Canada’s 2021 Budget and its Impacts on Taxpayers
On April 19th, 2021, the Deputy Prime Minister and Minister of Finance, the Honourable Chrystia Freeland presented “Budget 2021”, the first federal budget announced by Parliament in more than two years. Subtitled “A Recovery Plan for Jobs, Growth, and Resilience”, Budget 2021 addresses many key concerns of Canadians arising from the pandemic and proposes to invest in Canadians now to incentivize future economic growth.
Budget 2021 sets out to invest in Canadians by including new initiatives like the “National Early Learning and Child Care Plan”, a national program designed to reduce the national average childcare cost by 50% by 2022 with further cost reductions in following years.
Due to the pervasive effect COVID-19 has had on the Canadian economy, it is unsurprising that Budget 2021 projects significant deficits for the foreseeable future (including a projected $354 billion dollar shortfall for this coming fiscal year-end).
In order to support these new expenditures during a period of economic uncertainty and offset these projected shortfalls, the federal government has proposed modifications to Canada’s income tax regime. Some of these implementations will have significant impacts on the Canadian consumer and individual taxpayer.
Canada’s 2021 Budget – Excise Tax Act (GST/HST)
Canadian consumers will now be paying a bit more their streaming services. As previously proposed by the federal government, non-resident digital vendors of online services such as Netflix and Spotify will begin to collect GST/HST on the products and services they offer to Canadians, which could see an increase in federal tax revenue in the billions over next five years.
There will also be additional excise duties levied on luxury products like private planes and yachts that exceed cost thresholds outlined by Budget 2021. These luxury taxes will be applied at a rate of the lesser of 10% of the full value of the aircraft or watercraft or 20% of the value that exceeds the federal government’s prescribed thresholds ($100,000 for aircraft and vehicles; $250,000 for watercraft) and will be in addition to the existing sales taxes and purchase prices of these products.
For example: If a consumer purchases a boat in Ontario for $160,000, the lesser of 10% of the total value ($16,000) and 20% of the value that exceeds the federal government’s prescribed threshold (20% of $60,000; $12,000) would be added to the cost of the boat. Assuming all ancillary fees were included with the boat’s purchase price, the boat would cost:
$160,000 + Ontario HST (13%; $20,800) + luxury taxes of $12,000 totalling $192,800.
Canada’s 2021 Budget – Filing and Reporting Taxes
A major objective of Budget 2021 surrounds the improved compliance of Canadian taxpayers with respect to filing. The federal government will be incentivizing taxpayers to file their returns electronically by lowering or eliminating return quantum thresholds of taxpayers and their tax preparers, allowing businesses to issue only electronic copies of T4As and T5s, and have eliminated the existing requirements for written signatures on prescribed forms. Some taxpayers that have registered for digital filing will also only receive some notices electronically from the CRA.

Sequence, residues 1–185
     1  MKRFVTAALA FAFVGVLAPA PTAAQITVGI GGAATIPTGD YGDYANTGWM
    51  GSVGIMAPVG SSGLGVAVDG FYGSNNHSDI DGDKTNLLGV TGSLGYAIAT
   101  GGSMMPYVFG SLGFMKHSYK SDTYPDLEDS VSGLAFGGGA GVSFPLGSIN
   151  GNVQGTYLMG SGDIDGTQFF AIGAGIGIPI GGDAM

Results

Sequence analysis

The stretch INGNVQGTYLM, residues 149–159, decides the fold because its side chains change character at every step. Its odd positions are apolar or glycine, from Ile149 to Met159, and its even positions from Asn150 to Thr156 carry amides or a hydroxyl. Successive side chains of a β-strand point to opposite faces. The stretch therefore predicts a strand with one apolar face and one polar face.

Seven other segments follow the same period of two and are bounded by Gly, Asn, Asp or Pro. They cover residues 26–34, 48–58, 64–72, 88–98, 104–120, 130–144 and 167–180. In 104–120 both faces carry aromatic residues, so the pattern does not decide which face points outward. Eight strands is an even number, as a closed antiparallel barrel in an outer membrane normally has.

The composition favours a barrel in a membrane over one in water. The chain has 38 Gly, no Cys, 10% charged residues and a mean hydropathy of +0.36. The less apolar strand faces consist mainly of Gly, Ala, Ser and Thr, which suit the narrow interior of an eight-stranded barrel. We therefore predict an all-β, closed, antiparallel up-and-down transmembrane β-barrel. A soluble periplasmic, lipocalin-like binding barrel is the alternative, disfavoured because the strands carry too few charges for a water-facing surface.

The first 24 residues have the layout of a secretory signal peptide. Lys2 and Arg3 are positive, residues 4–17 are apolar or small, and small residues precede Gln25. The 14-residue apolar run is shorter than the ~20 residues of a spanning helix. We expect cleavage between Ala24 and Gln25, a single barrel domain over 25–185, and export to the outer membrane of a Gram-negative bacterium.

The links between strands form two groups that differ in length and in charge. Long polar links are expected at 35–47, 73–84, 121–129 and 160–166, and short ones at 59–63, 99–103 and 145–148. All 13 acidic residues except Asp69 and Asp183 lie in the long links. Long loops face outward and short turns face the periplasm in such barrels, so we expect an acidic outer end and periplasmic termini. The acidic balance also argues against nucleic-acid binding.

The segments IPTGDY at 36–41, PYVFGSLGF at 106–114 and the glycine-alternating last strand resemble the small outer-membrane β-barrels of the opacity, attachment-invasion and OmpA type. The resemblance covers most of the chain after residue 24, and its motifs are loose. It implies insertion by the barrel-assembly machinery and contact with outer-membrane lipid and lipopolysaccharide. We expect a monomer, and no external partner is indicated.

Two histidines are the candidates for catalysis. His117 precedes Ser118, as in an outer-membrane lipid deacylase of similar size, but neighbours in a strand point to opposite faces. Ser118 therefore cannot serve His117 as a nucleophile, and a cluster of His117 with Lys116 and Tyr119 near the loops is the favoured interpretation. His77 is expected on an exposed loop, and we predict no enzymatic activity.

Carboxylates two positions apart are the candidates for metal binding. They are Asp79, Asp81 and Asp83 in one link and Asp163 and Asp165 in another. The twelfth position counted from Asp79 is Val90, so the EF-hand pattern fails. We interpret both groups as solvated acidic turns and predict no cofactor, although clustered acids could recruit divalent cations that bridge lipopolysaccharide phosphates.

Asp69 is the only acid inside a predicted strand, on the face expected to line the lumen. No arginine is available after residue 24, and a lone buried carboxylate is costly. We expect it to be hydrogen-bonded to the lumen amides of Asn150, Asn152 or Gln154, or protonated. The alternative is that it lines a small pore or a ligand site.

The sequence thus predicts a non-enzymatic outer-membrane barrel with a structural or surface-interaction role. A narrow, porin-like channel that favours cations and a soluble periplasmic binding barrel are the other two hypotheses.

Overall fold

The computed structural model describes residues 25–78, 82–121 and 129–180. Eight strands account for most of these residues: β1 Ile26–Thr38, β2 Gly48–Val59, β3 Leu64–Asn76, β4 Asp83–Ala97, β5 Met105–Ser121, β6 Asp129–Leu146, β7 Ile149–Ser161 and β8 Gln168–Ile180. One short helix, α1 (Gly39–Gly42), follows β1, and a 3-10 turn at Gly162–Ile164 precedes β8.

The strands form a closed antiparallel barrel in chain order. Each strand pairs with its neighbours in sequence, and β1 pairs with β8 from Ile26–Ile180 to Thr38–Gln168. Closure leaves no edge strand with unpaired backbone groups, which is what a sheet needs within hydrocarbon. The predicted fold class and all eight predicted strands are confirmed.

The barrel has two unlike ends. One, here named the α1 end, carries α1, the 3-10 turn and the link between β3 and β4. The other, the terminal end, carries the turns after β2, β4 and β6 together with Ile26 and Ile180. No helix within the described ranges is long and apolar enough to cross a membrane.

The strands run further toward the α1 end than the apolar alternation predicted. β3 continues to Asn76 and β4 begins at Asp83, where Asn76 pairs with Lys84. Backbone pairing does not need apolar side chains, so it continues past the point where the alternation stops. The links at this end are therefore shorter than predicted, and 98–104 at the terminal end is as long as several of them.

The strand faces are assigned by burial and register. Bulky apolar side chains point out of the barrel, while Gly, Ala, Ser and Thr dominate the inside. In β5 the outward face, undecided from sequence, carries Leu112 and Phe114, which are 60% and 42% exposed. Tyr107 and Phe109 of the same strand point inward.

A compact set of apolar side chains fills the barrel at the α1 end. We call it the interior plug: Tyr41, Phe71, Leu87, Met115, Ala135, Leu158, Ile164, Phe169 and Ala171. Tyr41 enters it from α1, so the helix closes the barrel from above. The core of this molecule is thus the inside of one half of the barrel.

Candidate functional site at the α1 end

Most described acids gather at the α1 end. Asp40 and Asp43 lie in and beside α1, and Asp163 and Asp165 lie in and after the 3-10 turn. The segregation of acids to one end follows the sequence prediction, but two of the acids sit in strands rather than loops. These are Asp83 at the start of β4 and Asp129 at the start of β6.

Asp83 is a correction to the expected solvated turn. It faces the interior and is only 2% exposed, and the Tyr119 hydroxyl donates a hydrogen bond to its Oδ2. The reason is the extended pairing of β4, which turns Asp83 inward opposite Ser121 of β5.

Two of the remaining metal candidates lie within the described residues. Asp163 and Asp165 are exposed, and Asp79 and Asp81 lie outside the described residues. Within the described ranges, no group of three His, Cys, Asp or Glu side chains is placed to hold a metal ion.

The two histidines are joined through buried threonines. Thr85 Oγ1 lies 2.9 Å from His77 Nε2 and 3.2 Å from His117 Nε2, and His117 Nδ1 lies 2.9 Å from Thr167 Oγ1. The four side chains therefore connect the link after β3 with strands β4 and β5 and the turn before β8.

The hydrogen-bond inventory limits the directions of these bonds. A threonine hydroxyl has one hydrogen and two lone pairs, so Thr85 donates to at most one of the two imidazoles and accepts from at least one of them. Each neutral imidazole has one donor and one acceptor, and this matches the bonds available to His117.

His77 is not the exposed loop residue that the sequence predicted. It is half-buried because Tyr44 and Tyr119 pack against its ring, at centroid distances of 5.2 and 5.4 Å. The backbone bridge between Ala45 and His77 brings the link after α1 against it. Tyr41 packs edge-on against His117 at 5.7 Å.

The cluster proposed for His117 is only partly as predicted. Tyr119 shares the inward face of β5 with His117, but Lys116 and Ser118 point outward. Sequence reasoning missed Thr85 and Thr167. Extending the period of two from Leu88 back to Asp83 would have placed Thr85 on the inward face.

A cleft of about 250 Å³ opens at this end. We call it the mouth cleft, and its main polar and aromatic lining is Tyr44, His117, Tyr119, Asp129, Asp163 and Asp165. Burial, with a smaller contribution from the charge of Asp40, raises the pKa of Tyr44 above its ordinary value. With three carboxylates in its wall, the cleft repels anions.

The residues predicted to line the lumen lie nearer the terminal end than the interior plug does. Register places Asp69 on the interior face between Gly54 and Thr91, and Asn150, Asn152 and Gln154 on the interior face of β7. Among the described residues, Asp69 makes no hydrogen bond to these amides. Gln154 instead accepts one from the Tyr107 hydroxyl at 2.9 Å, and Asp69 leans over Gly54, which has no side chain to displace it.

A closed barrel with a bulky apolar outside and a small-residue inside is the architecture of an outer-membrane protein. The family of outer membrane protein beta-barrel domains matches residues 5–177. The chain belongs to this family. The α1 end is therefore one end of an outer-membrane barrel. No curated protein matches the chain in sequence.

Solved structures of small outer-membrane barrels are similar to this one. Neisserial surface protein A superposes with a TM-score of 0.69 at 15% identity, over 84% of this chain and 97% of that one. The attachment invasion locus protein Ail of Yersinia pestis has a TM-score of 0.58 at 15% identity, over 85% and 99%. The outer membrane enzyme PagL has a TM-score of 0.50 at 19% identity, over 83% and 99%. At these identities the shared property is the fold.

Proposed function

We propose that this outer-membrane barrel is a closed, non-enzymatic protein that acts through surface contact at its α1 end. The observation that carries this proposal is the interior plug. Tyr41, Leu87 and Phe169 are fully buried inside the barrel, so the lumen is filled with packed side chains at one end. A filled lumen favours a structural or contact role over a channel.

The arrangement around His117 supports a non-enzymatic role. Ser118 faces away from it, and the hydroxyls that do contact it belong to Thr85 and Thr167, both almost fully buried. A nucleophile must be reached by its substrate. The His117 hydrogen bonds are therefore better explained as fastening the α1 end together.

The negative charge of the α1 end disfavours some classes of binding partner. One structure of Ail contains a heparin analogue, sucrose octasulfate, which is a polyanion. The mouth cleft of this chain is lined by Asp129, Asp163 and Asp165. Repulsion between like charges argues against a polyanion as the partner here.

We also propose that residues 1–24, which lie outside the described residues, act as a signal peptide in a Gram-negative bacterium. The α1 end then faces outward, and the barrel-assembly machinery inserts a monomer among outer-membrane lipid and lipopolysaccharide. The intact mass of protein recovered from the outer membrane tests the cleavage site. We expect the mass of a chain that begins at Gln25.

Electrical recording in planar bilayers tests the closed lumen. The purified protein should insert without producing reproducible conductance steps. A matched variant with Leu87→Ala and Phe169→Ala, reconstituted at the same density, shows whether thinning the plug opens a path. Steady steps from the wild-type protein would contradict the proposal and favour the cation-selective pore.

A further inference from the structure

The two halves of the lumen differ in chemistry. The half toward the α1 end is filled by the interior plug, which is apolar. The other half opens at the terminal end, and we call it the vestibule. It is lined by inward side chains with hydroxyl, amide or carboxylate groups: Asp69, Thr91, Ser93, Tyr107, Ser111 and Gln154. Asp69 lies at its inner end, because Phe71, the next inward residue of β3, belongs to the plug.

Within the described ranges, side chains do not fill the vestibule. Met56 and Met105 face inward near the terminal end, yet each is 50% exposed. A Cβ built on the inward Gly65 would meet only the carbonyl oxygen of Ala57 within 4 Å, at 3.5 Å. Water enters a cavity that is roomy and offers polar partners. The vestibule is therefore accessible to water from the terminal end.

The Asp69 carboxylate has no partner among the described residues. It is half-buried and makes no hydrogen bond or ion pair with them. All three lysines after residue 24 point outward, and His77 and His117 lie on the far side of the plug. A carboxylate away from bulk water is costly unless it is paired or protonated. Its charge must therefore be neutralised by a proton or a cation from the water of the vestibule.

Canada’s 2021 Budget – Enhanced CRA Enforcement Budget
Budget 2021 will also be boosting the CRA’s existing budget for enforcement in order to capture funds that otherwise may have slipped through the CRA’s current enforcement framework. More than $500 million will be allocated to the CRA’s collections department and aggressive tax planning division and towards new programs to combat tax evasion.
While this upfront cost may seem considerable, the CRA is projected to return billions of dollars from these increased enforcement expenditures.
Budget 2021 also announced that the federal government is also planning to revisit (among others) the existing anti-avoidance rules, transfer-pricing rules and foreign affiliate dumping rules under the Income Tax Act in short order. These revisions could make aggressive tax planning increasingly risky for Canadian taxpayers; what was once strategic tax planning may soon fall under the new revisions to the Income Tax Act anti-avoidance provisions.
If you are concerned about your current tax planning strategy or the impact of any of the new implementations from Budget 2021, contact a tax professional at Rosen Kirshen Tax Law today!
This article provides information of a general nature only. It does not provide legal advice nor can it or should it be relied upon. All tax situations are specific to their facts and will differ from the situations in this article. If you have specific legal questions you should consult a lawyer.